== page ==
Pre-service teachers’ conceptions of effective teacher talk: their critical reflections on a sample teacher-student dialogue
This study aimed to explore pre-service elementary teachers’ (PSTs’) conceptions of effective teacher talk in mathematics instruction, which were interpreted primarily based on the concept of communicative approach. This was accomplished through a task that involves analyzing and evaluating a sample teacher-student dialogue. This study specifically investigated: (a) aspects of the sample dialogue that PSTs attended to in critiquing the teacher talk, (b) PSTs’ espoused conceptions of effective teacher talk in an authoritative-dialogic approach framework, and (c) comparison between PSTs’ interpretations and the researchers’ interpretation. Forty-six elementary PSTs engaged in the task and their responses were analyzed using the inductive content analysis approach. Findings showed that PSTs attended to various features of effective teacher-student dialogue; however, they paid more attention to the form of teacher talk than the function of it in context. PSTs’ justifications used in evaluating the sample teacher-student dialogue showed some glaring differences from researchers’ evaluations in regards to how the presented teacher talk would function in terms of the dialogic-authoritative spectrum. PSTs underscored affective support and clarity of teacher talk at its surface level, while showing strong resistance to the intentional vagueness within teacher talk, which might accommodate more dialogic engagement. This study suggests that initial teacher training programs should include more specific investment in PSTs’ insights into effective use of classroom dialogue for learning.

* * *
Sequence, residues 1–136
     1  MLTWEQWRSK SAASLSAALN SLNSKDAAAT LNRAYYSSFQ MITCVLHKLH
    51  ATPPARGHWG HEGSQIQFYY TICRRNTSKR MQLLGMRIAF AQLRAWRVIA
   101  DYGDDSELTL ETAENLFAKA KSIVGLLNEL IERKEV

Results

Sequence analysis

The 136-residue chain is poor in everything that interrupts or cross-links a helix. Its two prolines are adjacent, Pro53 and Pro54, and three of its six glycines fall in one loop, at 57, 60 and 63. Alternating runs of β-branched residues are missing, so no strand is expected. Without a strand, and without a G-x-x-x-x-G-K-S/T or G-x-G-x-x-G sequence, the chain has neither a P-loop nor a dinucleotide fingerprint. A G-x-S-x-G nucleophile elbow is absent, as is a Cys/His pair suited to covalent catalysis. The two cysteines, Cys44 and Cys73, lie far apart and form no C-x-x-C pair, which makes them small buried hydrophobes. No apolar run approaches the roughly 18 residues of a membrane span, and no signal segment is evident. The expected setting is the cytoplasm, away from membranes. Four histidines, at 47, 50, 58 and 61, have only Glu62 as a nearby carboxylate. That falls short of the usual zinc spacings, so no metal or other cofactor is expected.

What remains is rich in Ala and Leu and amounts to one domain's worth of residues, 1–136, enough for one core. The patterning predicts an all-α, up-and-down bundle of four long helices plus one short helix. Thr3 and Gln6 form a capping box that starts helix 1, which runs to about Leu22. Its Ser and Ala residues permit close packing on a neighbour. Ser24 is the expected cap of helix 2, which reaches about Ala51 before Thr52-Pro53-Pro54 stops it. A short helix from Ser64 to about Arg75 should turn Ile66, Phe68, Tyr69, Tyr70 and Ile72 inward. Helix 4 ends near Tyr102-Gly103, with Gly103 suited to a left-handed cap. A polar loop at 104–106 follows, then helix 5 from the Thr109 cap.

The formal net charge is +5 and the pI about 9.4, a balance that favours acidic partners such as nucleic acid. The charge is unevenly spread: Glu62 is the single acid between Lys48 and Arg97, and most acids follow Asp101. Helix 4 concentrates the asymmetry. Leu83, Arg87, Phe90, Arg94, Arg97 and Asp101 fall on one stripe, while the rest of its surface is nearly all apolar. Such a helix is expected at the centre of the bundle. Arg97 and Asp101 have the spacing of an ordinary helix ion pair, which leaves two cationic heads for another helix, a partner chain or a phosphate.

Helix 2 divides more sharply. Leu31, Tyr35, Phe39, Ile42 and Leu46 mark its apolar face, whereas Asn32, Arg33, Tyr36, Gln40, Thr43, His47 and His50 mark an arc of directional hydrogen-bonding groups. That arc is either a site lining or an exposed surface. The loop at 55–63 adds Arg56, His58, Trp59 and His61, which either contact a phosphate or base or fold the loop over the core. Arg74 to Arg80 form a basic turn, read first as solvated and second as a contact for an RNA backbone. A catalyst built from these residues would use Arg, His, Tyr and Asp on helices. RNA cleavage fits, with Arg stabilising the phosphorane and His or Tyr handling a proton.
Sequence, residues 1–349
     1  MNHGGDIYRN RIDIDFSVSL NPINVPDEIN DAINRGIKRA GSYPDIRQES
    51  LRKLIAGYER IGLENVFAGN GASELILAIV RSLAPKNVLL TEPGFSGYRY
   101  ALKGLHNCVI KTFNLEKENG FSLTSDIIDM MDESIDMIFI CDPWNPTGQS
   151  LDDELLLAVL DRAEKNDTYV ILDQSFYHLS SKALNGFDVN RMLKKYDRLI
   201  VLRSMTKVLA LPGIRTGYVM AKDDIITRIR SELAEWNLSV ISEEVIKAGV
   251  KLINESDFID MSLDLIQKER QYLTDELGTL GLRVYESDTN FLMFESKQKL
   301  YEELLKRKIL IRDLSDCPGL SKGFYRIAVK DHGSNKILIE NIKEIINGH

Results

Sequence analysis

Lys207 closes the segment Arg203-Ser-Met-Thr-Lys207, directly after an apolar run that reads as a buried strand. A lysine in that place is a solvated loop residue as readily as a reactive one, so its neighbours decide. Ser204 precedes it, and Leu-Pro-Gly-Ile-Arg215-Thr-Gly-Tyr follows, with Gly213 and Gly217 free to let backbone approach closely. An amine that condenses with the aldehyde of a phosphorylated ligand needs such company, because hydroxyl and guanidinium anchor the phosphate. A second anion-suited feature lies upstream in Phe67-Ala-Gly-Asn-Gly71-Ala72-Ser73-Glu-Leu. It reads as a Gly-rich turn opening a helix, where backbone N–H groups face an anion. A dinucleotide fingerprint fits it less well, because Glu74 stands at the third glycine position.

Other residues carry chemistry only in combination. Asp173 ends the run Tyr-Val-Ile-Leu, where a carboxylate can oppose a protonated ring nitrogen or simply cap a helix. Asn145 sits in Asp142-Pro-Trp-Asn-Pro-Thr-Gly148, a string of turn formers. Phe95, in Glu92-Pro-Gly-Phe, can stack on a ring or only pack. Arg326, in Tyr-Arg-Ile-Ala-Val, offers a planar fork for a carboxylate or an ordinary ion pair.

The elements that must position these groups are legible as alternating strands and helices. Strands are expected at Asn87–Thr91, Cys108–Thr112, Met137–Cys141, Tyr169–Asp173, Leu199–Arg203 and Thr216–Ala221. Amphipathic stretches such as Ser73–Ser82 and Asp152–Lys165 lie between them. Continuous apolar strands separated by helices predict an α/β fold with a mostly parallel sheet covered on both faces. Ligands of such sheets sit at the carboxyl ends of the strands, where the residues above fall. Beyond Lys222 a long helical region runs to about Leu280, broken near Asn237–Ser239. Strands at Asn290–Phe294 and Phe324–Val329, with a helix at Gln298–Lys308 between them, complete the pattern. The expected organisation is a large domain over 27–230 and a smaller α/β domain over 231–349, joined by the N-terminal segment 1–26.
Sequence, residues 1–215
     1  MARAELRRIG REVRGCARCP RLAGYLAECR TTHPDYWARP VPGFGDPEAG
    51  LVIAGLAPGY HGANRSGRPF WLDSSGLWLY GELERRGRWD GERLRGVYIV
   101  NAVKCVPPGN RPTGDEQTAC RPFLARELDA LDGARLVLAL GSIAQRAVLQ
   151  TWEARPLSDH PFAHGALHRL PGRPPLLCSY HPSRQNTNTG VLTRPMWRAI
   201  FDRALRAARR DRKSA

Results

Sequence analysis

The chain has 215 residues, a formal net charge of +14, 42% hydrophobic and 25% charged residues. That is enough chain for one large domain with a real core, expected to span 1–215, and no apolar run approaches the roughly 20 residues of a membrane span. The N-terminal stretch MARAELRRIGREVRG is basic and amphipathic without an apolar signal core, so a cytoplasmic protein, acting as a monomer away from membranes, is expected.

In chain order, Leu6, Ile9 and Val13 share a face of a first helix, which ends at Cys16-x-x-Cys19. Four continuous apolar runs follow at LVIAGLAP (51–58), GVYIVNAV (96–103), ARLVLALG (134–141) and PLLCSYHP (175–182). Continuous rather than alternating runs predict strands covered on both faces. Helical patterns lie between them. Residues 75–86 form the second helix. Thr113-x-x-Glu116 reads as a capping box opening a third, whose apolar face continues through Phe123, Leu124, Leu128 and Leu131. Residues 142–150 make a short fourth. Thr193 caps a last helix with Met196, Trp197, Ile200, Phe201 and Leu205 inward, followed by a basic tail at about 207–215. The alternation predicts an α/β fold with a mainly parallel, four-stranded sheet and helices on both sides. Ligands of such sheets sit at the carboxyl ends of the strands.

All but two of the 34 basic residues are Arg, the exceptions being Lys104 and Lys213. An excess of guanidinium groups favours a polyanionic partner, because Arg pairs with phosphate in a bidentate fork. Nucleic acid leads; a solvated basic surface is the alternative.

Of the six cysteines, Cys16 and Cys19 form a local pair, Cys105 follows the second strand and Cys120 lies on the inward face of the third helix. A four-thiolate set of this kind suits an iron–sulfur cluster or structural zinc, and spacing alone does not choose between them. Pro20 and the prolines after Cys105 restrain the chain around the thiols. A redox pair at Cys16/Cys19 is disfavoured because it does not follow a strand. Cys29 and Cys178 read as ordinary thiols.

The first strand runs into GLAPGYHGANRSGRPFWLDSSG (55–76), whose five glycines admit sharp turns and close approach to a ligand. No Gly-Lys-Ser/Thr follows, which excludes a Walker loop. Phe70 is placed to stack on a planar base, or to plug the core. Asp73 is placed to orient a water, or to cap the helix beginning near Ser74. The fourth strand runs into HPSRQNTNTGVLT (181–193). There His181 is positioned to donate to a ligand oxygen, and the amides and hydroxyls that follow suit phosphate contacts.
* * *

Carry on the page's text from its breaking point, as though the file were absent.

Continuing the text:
KeywordsPre-service teacher education Communicative approach Classroom talk Teacher conceptions
Compliance with ethical standards
Conflict of interest
The authors declare that they have no conflict of interest.
Research involving human participants
This study involves human participants. The Institutional Review Board (IRB) in the corresponding author’s institution reviewed the IRB application and approved it. The IRB has determined this study is exempt from the IRB review according to federal regulations.
All procedures performed in this study involving human participants were in accordance with the ethical standards of the institutional and/or national research committee and with the 1964 Helsinki declaration and its later amendments or comparable ethical standards.
Since the corresponding author of this study was also the instructor of participants, several recommended procedures for Scholarship of Teaching and Learning projects were employed to minimize the possibility of undue influence (e.g., Burman & Kleinsasser, 2004). Provided consent forms that asked for permission to analyze their course activities after the completion of the course were collected and sealed in an envelope until the end of the semester after course grading was completed. Participants were informed that their decision would not be revealed to the instructor until after the course grading was completed. The data from PSTs who did not give permission were excluded from data analysis.
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